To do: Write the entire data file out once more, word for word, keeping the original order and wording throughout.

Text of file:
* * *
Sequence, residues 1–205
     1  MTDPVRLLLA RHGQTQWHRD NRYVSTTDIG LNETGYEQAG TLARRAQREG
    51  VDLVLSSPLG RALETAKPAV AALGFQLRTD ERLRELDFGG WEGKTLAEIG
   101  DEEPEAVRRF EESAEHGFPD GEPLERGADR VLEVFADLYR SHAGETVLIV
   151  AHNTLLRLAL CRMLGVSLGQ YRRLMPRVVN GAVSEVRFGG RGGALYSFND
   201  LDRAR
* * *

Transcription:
Sequence, residues 1–205
     1  MTDPVRLLLA RHGQTQWHRD NRYVSTTDIG LNETGYEQAG TLARRAQREG
    51  VDLVLSSPLG RALETAKPAV AALGFQLRTD ERLRELDFGG WEGKTLAEIG
   101  DEEPEAVRRF EESAEHGFPD GEPLERGADR VLEVFADLYR SHAGETVLIV
   151  AHNTLLRLAL CRMLGVSLGQ YRRLMPRVVN GAVSEVRFGG RGGALYSFND
   201  LDRAR